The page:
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Orbitz Data Breach Exposes 880,000 Payment Cards

New IdentityTheft Scam

On March 20, 2018, travel website Orbitz, an Expedia subsidiary, disclosed that 880,000 payment cards may have been exposed in a data breach. According to Orbitz, an attacker possibly accessed sensitive personal identifying information, which was stored on a legacy Orbitz travel booking platform.

Since discovering the possible attack, Orbitz has stated that it’s taken steps to monitor and better secure the legacy platform. Orbitz is also notifying customers and business partners who have may have been affected, and it’s offering some affected customers complimentary credit monitoring and identity protection services. As mentioned in past posts, however, complimentary services may not always provide everything you need. Read on to learn all about this breach and what consumers can do to protect themselves.

More about the Orbitz data breach

Signs of the possible breach were discovered during an investigation of the legacy platform, a consumer and business partner platform. While investigating the platform, on March 1, 2018, Orbitz determined that a breach likely occurred, and the news of the possible exposure was disclosed 19 days later on Tuesday, March 20. According to the company, the current Orbitz.com website was “not in any way involved in this incident.”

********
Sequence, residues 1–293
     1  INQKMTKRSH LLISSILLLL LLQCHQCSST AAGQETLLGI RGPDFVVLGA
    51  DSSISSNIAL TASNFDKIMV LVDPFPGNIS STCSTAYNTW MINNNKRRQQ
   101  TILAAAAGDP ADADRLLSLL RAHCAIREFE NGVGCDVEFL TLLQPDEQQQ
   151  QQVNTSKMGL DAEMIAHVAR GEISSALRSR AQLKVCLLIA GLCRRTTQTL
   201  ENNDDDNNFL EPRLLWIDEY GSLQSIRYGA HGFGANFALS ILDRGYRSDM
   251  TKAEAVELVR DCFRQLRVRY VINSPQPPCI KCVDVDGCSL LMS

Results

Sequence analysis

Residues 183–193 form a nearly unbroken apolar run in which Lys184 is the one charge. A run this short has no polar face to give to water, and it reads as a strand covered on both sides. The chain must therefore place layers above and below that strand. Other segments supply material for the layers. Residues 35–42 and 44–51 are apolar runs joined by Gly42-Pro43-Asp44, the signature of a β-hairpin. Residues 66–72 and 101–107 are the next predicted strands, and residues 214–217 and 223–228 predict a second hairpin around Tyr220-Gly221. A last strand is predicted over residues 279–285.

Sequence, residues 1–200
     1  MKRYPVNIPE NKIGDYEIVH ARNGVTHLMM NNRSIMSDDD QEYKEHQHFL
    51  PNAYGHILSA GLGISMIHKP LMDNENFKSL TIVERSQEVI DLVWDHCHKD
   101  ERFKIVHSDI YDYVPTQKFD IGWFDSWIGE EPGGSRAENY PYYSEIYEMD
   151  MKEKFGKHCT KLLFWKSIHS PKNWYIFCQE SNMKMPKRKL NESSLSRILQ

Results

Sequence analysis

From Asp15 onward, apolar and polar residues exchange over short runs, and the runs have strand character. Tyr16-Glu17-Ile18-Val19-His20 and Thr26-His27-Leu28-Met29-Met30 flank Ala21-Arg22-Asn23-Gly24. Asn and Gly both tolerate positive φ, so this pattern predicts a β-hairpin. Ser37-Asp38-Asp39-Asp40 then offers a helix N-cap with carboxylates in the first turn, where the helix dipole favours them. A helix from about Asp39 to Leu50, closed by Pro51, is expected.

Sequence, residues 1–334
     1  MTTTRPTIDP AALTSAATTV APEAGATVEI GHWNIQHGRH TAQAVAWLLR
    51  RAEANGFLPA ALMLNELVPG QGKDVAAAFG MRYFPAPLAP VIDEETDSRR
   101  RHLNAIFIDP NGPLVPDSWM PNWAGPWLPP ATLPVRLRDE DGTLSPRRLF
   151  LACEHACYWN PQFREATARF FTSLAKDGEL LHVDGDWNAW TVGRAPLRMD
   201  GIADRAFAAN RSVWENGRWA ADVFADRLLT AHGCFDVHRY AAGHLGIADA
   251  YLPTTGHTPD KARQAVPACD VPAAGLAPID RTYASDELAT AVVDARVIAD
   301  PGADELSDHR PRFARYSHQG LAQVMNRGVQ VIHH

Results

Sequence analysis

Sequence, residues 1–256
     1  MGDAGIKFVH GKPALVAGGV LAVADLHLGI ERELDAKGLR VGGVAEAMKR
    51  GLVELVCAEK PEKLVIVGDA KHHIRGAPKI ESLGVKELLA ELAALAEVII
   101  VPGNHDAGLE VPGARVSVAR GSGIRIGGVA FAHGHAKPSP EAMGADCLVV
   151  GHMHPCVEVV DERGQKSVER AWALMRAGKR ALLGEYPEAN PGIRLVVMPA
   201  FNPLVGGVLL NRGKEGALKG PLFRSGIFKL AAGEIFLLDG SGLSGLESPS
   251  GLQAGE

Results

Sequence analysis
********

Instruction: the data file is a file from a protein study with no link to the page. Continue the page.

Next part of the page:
Evidence suggests that, between Oct. 1, 2017 and Dec. 22, 2017, an attacker may have accessed personal information through the legacy Orbitz travel booking platform. Specifically, the attacker had access to Orbitz platform customers’ information submitted for purchases made between Jan. 1, 2016 and June 22, 2016.

In addition, the personal information of some Orbitz partner customers may have been exposed. Orbitz serves as a booking engine for several travel websites, and Orbitz announced that it’s reaching out to potentially impacted business partners at this time. According to Orbitz, certain partners’ customers may have been affected. Specifically, those who’ve submitted personal information for purchases between Jan. 1, 2016, and Dec. 22, 2017 may be impacted.

While Orbitz hasn’t released a list of the exposed partners, one of its partners, American Express, has released a statement, saying that customers who’ve used AmexTravel.com or contacted AmexTravel representatives between Jan. 1, 2016, and Dec. 22, 2017 may have been impacted. Note that American Express Global Business Travel and “American Express platforms that card members use to manage their American Express card accounts” were not compromised, as noted in the statement. American Express will contact impacted customers to provide further assistance and information.

What information was exposed?